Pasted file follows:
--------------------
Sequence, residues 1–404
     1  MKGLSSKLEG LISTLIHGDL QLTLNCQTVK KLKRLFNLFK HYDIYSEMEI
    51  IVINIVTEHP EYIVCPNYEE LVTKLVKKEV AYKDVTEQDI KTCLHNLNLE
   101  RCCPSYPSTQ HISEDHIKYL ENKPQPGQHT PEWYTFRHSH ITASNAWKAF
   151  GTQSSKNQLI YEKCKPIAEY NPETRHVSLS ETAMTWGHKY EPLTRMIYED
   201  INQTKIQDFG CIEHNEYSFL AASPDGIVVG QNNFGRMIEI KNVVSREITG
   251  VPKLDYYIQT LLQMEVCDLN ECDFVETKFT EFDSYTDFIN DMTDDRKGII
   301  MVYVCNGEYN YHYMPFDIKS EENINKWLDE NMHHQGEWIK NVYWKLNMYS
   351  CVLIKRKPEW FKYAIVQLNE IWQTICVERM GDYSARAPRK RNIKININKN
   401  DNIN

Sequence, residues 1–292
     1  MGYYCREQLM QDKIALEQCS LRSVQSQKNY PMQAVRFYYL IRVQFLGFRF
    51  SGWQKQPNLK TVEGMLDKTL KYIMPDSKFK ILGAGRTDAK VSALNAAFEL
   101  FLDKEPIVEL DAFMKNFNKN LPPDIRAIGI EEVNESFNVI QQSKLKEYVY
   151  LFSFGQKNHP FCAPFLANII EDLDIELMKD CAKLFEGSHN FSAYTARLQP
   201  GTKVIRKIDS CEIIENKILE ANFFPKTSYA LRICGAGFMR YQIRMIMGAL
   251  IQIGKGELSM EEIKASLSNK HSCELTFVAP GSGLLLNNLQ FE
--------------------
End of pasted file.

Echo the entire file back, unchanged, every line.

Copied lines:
Sequence, residues 1–404
     1  MKGLSSKLEG LISTLIHGDL QLTLNCQTVK KLKRLFNLFK HYDIYSEMEI
    51  IVINIVTEHP EYIVCPNYEE LVTKLVKKEV AYKDVTEQDI KTCLHNLNLE
   101  RCCPSYPSTQ HISEDHIKYL ENKPQPGQHT PEWYTFRHSH ITASNAWKAF
   151  GTQSSKNQLI YEKCKPIAEY NPETRHVSLS ETAMTWGHKY EPLTRMIYED
   201  INQTKIQDFG CIEHNEYSFL AASPDGIVVG QNNFGRMIEI KNVVSREITG
   251  VPKLDYYIQT LLQMEVCDLN ECDFVETKFT EFDSYTDFIN DMTDDRKGII
   301  MVYVCNGEYN YHYMPFDIKS EENINKWLDE NMHHQGEWIK NVYWKLNMYS
   351  CVLIKRKPEW FKYAIVQLNE IWQTICVERM GDYSARAPRK RNIKININKN
   401  DNIN

Sequence, residues 1–292
     1  MGYYCREQLM QDKIALEQCS LRSVQSQKNY PMQAVRFYYL IRVQFLGFRF
    51  SGWQKQPNLK TVEGMLDKTL KYIMPDSKFK ILGAGRTDAK VSALNAAFEL
   101  FLDKEPIVEL DAFMKNFNKN LPPDIRAIGI EEVNESFNVI QQSKLKEYVY
   151  LFSFGQKNHP FCAPFLANII EDLDIELMKD CAKLFEGSHN FSAYTARLQP
   201  GTKVIRKIDS CEIIENKILE ANFFPKTSYA LRICGAGFMR YQIRMIMGAL
   251  IQIGKGELSM EEIKASLSNK HSCELTFVAP GSGLLLNNLQ FE